The High Yen Drives Japanese Automakers Out Of The Country

Bertel Schmitt
by Bertel Schmitt
the high yen drives japanese automakers out of the country

Less than a year ago, the Tokyo automotive press corps was summoned to Kyushu, the southernmost of the four main Japanese islands to visit a Nissan plant. Nobody knew why, until Nissan CEO Carlos Ghosn had one of his trademark impromptu outbursts. He called the exchange rate “abnormal,” several times, until everybody got it. He threatened several times that Nissan and most of the Japanese industry would pack up and leave, and delivered an ultimatum: “If six months down the road we are still in this situation, then this will provoke a rethinking of our industrial strategy.”

It is now ten months later, and the situation has not changed. At lest not on the currency charts. The yen is as deviant as it was when we were in Kyushu. Today, Carlos Ghosn is some 150 miles away from that Nissan plant. He is across the water in Busan, South Korea, where he announces a $160 million investment into Renault’s plant with Renault Samsung Motors (RSM). The money is used to install equipment to produce the Nissan Rogue in 2014 “with an annual capacity of 80,000 units.”

“Most of the Rogue SUVs built in Busan will be exported from 2014,” a Nissan spokesman told Dow Jones via The Nikkei [sub].

It is a logical choice. The plant across the water was underused, it even had to shut down for a few days. The South Korean Won remains steadily cheap against the dollar. South Korea has a free trade agreement with the U.S. and the EU, and is negotiating deals with Canada and Mexico. It also is one of these cases where free trade agreements mean jobs.

In the meantime, the “hollowing out” of the Japanese industry continues. Most Japanese automakers exported their growth elsewhere and are engaged in a holding action at home. Nissan is turning South Korea into the export base Japan used to be.

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4 of 8 comments
  • Philadlj Philadlj on Jul 20, 2012

    Sometimes I wonder if Nissan should just get rid of conventional press releases and instead send out galleries of Carlos Ghosn gesturing. Not only does he look related to Rowan Atkinson, he's almost as expressive.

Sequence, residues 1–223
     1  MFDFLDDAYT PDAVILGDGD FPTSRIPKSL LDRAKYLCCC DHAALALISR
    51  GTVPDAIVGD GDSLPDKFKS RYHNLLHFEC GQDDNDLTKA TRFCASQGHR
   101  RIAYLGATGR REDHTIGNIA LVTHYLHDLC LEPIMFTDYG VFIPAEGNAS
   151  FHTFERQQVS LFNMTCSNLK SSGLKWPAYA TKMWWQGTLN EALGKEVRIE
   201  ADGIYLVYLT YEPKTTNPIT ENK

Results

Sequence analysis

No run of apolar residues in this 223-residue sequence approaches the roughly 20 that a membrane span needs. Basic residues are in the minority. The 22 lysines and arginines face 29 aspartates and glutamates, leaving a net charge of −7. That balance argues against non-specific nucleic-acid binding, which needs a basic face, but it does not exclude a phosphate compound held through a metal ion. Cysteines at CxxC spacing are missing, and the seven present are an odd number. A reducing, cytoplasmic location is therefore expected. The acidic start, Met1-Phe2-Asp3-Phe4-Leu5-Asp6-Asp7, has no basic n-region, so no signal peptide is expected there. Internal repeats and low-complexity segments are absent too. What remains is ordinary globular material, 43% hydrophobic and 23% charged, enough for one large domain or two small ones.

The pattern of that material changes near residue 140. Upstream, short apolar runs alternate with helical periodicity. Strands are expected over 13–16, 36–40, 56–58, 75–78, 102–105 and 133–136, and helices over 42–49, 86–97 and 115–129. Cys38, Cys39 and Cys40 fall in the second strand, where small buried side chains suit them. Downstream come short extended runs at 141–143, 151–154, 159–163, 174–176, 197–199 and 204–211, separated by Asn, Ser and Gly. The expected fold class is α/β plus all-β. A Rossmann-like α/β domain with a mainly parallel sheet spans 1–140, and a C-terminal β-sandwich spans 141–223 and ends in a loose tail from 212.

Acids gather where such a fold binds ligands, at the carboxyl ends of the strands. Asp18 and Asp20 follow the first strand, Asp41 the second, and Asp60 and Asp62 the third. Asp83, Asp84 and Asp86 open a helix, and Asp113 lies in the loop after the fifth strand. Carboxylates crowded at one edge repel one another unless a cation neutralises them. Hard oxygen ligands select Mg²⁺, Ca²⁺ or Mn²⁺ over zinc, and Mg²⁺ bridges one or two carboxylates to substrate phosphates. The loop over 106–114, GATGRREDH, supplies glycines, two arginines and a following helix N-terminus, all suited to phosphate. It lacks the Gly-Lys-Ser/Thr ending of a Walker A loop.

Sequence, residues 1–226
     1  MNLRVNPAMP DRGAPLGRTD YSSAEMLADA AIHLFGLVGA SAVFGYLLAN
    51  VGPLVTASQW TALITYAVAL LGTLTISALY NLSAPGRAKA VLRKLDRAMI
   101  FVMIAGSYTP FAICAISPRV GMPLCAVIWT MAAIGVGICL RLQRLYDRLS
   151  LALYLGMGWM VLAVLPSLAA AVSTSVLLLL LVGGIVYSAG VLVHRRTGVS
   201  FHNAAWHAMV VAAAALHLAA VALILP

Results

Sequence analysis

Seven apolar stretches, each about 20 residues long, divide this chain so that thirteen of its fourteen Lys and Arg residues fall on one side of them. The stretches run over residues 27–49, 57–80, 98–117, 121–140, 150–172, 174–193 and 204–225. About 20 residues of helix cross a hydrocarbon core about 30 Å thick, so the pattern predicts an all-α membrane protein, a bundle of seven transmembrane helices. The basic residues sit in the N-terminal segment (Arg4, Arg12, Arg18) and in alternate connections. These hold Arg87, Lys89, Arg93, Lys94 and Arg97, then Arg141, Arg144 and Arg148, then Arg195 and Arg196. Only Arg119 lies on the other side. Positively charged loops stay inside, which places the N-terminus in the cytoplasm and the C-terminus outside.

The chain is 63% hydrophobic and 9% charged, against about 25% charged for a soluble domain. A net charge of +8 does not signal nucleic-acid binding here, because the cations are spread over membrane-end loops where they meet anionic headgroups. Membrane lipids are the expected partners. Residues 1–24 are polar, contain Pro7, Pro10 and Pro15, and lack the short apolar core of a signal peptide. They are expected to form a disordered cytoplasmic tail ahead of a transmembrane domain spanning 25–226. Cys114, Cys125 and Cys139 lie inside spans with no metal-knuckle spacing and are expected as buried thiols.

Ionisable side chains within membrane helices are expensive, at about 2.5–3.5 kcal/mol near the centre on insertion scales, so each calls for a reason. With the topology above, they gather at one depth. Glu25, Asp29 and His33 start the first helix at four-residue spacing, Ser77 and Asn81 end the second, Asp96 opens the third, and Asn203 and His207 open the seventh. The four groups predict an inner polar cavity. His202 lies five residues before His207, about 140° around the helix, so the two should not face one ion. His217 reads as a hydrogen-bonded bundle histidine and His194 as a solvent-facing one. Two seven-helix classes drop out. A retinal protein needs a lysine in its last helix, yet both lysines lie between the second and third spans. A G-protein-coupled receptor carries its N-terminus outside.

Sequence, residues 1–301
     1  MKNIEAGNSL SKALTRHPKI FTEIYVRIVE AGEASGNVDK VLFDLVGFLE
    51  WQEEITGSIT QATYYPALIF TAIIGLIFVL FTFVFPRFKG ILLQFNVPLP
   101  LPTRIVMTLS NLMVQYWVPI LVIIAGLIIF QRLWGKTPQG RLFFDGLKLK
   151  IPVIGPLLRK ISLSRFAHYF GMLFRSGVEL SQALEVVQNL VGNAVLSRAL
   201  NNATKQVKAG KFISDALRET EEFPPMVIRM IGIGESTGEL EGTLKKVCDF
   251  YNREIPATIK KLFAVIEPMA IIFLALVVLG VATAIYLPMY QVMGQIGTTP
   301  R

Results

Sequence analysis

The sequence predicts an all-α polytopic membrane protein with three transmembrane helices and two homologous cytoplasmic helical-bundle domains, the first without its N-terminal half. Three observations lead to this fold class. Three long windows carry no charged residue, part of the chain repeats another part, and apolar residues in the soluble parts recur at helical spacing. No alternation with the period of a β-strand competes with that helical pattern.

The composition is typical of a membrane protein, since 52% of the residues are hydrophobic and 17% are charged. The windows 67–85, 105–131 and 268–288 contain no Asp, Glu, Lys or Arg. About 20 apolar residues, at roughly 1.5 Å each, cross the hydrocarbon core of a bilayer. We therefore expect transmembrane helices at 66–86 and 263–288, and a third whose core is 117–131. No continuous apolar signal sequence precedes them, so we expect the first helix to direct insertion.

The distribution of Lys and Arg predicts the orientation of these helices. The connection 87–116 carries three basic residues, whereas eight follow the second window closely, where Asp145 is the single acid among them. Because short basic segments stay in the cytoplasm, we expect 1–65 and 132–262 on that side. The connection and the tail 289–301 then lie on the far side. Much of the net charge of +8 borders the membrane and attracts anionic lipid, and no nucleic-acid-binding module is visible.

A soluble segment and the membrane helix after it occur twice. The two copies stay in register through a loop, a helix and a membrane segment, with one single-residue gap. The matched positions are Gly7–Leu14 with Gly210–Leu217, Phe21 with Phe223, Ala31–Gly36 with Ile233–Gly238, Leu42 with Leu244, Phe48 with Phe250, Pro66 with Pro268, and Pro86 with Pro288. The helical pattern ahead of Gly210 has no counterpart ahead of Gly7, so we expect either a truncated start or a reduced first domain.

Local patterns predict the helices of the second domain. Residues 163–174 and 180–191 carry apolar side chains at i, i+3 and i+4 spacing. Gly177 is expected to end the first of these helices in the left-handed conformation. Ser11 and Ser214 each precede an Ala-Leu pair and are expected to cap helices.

• Billfrombuckhead Billfrombuckhead on Jul 20, 2012

    The Japanese government has bought down the yen for half a century but with the nuclear disaster/tsunami/earthquake, the government can no longer afford this. Maybe the stronger yen will allow the Japanese consumer to buy more American products.

    • See 1 previous
    • Inside Looking Out Inside Looking Out on Jul 21, 2012

      @unhittable curveball Washington does it all the time. Talk about endless stimulus programs and QEs in last 4 years. It is driven $ down vs yen not otherwise. I am sure Japanese government tries to weaken yen all the time but it cannot compete with irresponsible zeal of American government to devalue $ and impending demise of Euro.

  • Teddyc73 A resounding NO. This has "Democrat" "Socialism" "liberalism" "Progressivism" and "Communism" written all over it.
  • Jeffrey An all electric entry level vehicle is needed and as a second car I'm interested. Though I will wait for it to be manufactured in the states with US components eligible for the EV credit.
  • Bob65688581 Small by American standards, this car is just right for Europe, and probably China, although I don't really know, there. Upscale small cars don't exist in the US because Americans associate size and luxury, so it will have a tough time in the States... but again Europe is used to such cars. Audi has been making "small, upscale" since forever. As usual, Americans will miss an opportunity. I'll buy one, though!Contrary to your text, the EX30 has nothing whatsoever to do with the XC40 or C40, being built on a dedicated chassis.
  • Tassos Chinese owned Vollvo-Geely must have the best PR department of all automakers. A TINY maker with only 0.5-0.8% market share in the US, it is in the news every day.I have lost count how many different models Volvo has, and it is shocking how FEW of each miserable one it sells in the US market.Approximately, it sells as many units (TOTAL) as is the total number of loser models it offers.
  • ToolGuy Seems pretty reasonable to me. (Sorry)